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Get Your Pizza Delivered Via Drone

October 2016

Don Meij, the CEO of Domino's Pizza, says it doesn't make sense to have a 2-ton vehicle delivering a 4-pound pizza. That's why he intends to deliver pizza using drones beginning later this year — the world's first commercial drone delivery service.

The announcement came after a successful trial in New Zealand. Domino's is also conducting trials in Australia, Belgium, France, the Netherlands, Japan, and Germany. Drone deliveries are already legal in Australia, though the drone must stay at least 100 ft. from houses.

It's likely pizza will also be coming to you via drone here in the US. This past June the FAA announced that as of August 29, commercial drone services would be allowed. Certain rules apply, of course. You can't operate commercial drones across state lines, above people, or at night. And they have to stay below 400 ft.

But the kicker is that they have to stay within view of the operator. The whole point is to transport the pizza, not the deliveryman. Domino's is undaunted, and in fact governments are collaborating with companies to see how deliveries can be made without this constraint.

In July Amazon began partnering with the British government to explore the possibility of making drone deliveries that are out of view of the operator. In addition, an operator would be allowed to pilot multiple drones at the same time.

And in early August, the White House gave Alphabet (the parent company of Google) permission to begin testing Project Wings, a service that will include drones going beyond line of sight.

Amazon fully expects to be delivering much of their merchandise via drones in the near future. CEO Jeff Bezos sees it as a matter of survival. The cost of delivering via truck, and the aging, clogged transportation infrastructure, both threaten the viability of the company.

Sailing above that infrastructure is relatively cheap. Approximately 80–90% of Amazon's deliveries weigh less than 5 pounds, light enough for drones. The company will likely begin service in areas with a low population density, such as suburbs.

They're also exploring delivering in cities by putting smart lockers on rooftops, or tiny depots on light poles, and having drones deliver the goods there. The company also has a patent on self-driving trucks that are like mobile warehouses, stocked with items that are frequently ordered in an area. When an order comes in, a drone makes the delivery.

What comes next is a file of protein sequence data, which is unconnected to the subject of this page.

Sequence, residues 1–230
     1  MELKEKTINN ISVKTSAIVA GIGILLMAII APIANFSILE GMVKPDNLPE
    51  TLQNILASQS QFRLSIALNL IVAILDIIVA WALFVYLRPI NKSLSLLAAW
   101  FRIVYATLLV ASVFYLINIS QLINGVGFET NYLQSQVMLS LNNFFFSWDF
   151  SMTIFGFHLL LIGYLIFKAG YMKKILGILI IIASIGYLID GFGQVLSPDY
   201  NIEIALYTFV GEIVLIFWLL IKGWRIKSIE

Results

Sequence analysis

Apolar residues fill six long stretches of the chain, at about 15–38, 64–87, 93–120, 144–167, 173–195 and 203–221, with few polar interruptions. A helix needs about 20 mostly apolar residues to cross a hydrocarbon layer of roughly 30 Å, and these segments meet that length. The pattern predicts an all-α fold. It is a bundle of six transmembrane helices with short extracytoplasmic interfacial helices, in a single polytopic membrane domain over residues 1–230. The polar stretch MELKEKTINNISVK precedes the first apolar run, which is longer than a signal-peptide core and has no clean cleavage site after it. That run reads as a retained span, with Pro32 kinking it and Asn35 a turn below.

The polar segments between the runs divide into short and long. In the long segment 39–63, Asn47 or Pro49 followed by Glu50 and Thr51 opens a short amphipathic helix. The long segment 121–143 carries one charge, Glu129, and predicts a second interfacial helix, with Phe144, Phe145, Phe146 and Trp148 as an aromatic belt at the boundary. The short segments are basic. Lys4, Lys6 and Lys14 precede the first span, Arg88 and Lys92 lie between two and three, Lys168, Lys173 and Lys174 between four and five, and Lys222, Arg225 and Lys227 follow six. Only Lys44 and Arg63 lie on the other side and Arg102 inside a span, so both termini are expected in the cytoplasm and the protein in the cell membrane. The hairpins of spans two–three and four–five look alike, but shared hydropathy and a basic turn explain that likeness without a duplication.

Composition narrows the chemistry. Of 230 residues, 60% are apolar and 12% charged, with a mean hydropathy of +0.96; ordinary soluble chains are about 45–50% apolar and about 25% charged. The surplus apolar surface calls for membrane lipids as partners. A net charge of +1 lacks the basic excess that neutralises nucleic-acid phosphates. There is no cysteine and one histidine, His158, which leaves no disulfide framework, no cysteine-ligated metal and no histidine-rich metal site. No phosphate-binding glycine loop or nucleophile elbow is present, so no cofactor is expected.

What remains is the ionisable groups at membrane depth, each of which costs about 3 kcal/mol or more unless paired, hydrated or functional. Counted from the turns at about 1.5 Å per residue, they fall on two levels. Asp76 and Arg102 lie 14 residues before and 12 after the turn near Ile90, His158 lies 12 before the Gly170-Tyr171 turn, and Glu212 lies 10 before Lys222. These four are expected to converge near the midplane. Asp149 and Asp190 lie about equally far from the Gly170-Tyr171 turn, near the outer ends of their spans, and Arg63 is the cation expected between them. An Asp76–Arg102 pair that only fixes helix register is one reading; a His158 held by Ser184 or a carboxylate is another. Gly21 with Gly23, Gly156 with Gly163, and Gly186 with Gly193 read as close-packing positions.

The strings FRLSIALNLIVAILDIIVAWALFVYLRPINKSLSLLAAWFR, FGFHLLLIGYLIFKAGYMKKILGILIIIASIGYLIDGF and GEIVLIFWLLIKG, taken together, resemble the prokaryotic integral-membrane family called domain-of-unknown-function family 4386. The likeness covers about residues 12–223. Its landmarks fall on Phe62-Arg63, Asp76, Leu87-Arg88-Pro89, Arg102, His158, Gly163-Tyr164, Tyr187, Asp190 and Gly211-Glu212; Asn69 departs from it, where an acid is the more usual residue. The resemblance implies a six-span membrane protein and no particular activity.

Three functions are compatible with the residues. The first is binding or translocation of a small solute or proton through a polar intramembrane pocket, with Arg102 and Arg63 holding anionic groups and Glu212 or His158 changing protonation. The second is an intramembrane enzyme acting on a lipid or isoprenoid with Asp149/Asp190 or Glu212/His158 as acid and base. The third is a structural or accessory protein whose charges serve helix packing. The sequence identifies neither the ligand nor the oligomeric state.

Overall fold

In a sense, the airspace up to 400 ft. is an unused shipping lane, an amazingly valuable resource just waiting to be tapped.

Think of an analogy with WiFi, the wireless service that we all love. Back in the 1980s most of the radio spectrum, like today's roadways, was full of traffic, such as radio, TV, mobile phones, two-way radios, satellite communications, broadband, and radar.

There was one area of the spectrum, however, referred to as "garbage bands," that was relatively unused and that had been allocated by the FCC for local uses such as microwave ovens. In1985 the FCC decided that anyone could use this spectrum without a license.

The result was an explosion of technologies that took advantage of this unused "shipping lane." It's now used by cordless phones, WiFi, and the huge panoply of devices that are part of the "internet of things," such as smart bulbs, thermostats, and sensors.

Just as the opening of this spectrum unleashed creativity and resulted in a major industry, so too will the opening of airspace up to 400 ft. According to the FAA press release announcing the availability of this airspace for commercial drone use, it could "generate more than $82 billion for the U.S. economy and create more than 100,000 new jobs over the next 10 years."

While delivery of consumer goods might be considered frivolous by some, in other cases drone deliveries are a matter of life and death. A company called Zipline has a fleet of drones in Rwanda that delivers pharmaceuticals to rural areas. The deliveries take hours rather than weeks. Similarly, drones are being used to bring medical supplies to remote areas of Madagascar.

Drugs are also being delivered by drone in the UK, but in this case it's against the law: prison officials are increasingly coming across instances where drones are being used to get illegal drugs, mobile phones, and USB drives inside prison walls.

Likely, the lovely little birdies don't consider this airspace unused, but hopefully they'll adapt. And we'll get our pizza fresh out of the oven.

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© 2016 by Jim Karpen, Ph.D.

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